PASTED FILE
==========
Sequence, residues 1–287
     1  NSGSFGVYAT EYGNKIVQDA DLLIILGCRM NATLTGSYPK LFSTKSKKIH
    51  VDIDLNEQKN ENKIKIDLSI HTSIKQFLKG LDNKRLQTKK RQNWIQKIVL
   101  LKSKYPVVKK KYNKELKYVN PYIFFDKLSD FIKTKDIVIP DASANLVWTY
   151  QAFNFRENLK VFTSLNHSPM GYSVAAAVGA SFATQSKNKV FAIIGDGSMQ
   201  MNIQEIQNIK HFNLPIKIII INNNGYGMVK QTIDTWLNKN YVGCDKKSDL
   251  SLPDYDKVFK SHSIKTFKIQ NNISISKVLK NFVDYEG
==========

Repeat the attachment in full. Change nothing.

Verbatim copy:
Sequence, residues 1–287
     1  NSGSFGVYAT EYGNKIVQDA DLLIILGCRM NATLTGSYPK LFSTKSKKIH
    51  VDIDLNEQKN ENKIKIDLSI HTSIKQFLKG LDNKRLQTKK RQNWIQKIVL
   101  LKSKYPVVKK KYNKELKYVN PYIFFDKLSD FIKTKDIVIP DASANLVWTY
   151  QAFNFRENLK VFTSLNHSPM GYSVAAAVGA SFATQSKNKV FAIIGDGSMQ
   201  MNIQEIQNIK HFNLPIKIII INNNGYGMVK QTIDTWLNKN YVGCDKKSDL
   251  SLPDYDKVFK SHSIKTFKIQ NNISISKVLK NFVDYEG